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Q: Stamping using plastic parts?

04-09-2016, 02:58 AM

so I'm at a point in a project where I want to try stamping of thin metal sheets to get a part to have the shape of a plastic part but be made of the actual material.
My idea is to cast a negative mould of the part in question using silicone or resin or whatever (need input there) and use that to stamp the metal (cut open soda can). The original thought was to cast the original part in plaster and use that plaster as the die and then use some rubber tip small hammer or tool in a punch like fashion shaping the metal into the mould form. However, given my experiences with plaster after maybe 5 hits (if that many) the mould would crumble and turn into dust.
So I've been wondering... is there a malleable silicone / resin out there? Something that can be cast as a mould but is stable enough to lightly hammer a thin sheet of metal into shape on?

As for the part - for argument's sake think of the door sill on a GT40 (scale is 1/12). Of course you could just solder some half round rods of whatever to a flat sheet and recreate it, with the rods slightly smaller in diameter than the actual shape of the real part (to account for the thickness of the metal to be shaped over it). That is easy enough for that part, but if you get to more complex parts you could just as well build the entire structure from scratch - which I'm disinclined to do as aluminium is not something I know or have the tools to solder (or weld or whatever).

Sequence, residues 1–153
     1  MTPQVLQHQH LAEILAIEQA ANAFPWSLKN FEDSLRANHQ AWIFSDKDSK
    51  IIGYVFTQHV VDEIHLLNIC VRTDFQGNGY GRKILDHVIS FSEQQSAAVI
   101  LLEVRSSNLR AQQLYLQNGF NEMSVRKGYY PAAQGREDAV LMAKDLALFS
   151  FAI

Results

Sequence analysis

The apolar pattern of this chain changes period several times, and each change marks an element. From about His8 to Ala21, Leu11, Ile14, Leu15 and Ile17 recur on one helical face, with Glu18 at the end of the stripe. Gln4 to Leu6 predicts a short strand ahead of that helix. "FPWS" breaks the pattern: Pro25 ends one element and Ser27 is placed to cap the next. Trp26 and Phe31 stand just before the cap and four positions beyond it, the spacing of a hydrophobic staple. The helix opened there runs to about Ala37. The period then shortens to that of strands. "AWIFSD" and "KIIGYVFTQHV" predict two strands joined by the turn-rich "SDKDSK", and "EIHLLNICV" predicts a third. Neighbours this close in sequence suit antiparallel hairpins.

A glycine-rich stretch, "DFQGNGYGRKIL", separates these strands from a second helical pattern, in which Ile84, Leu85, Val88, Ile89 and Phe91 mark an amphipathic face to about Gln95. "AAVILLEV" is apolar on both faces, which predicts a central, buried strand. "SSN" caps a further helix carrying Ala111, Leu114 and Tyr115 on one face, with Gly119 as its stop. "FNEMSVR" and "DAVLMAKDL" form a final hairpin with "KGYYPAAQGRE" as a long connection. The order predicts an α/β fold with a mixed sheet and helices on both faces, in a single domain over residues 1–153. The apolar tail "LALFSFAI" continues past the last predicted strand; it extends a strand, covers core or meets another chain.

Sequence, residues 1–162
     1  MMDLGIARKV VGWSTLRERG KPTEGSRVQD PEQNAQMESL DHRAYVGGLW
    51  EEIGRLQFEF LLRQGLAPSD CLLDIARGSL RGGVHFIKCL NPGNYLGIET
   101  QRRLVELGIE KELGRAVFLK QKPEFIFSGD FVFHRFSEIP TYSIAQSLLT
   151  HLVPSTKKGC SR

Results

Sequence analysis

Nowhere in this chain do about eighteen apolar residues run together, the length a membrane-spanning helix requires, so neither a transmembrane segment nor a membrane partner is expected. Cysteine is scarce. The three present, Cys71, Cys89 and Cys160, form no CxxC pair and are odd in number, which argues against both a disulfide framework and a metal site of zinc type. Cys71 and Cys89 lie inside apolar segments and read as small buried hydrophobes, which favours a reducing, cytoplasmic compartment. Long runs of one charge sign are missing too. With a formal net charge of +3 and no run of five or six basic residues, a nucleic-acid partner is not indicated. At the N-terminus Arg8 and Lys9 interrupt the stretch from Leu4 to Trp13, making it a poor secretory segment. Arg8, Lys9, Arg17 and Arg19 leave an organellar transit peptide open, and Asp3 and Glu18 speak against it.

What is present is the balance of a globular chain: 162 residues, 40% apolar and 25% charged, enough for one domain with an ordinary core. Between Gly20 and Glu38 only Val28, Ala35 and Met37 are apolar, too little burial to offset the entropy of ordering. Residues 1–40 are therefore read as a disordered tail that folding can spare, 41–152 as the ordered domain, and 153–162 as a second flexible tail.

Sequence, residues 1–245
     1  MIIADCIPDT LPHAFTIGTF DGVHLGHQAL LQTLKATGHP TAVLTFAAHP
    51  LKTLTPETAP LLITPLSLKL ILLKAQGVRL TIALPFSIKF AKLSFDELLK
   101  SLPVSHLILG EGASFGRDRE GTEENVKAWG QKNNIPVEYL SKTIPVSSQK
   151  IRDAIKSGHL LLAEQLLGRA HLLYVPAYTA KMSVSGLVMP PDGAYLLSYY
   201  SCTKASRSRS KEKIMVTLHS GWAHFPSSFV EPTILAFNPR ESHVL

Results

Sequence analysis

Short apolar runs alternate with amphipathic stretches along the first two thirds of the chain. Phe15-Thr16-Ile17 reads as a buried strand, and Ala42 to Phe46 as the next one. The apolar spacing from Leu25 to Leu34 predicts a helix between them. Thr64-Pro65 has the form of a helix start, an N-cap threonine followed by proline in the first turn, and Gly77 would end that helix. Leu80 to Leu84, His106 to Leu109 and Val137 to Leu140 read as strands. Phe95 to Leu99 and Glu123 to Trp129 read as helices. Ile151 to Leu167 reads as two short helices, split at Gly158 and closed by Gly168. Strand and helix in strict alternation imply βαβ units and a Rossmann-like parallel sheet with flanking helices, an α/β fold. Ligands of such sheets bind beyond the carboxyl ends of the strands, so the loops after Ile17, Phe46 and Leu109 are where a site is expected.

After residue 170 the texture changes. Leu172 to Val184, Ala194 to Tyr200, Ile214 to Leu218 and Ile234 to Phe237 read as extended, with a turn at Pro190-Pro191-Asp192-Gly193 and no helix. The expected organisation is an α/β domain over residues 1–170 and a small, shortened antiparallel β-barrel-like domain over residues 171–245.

Also with the stamping solution it would be easy to create more than one copy as opposed to scratch build each one separately.

Ideas? Opinions - or have I gone off the deep end (again)?

04-09-2016, 07:03 PM
Try this link and on this page search for the word "stamping".

You might find this technique helpful. Hope it helps.

04-09-2016, 07:06 PM
Funny enough, this wip is back on the Motorsports section. See "1/8 talbot lago t26c" in this section.

04-10-2016, 01:48 PM
I know Dan's thread. I love every single bit of it. However, the stamping he did was for easier shapes for the most part. I think he used stamping twice - once for the drumbrakes and the second time for a firewall. He created the outline for that firewall on a piece of wood, cut the center bit out and drove it home by bolting a piece of sheet metal to the wood piece with the cut out and then use a vice to press the cut out bit into the sheet metal so it would shape the metal.

That aside, I have found a rubber, that might be useable for my purpose. I guess I will have to try it (Ebalta GM 984-2 in case anyone is interested). It is said to be excellent to pour and cures to a good strong but slightly flexible hardness (think rubber hammer tip).
Other ideas involve using a separation agent followed by a (few) thin layer(s) of gelcoat followed by something that is very strong. Something harder than plaster that won't crack and break when tapped with a hammer.... The gel coat is just to get a smooth surface in case the harder "background" material has a rough structure....

04-10-2016, 07:33 PM
Sorry I couldn't be more help. Please keep us informed of your progress.

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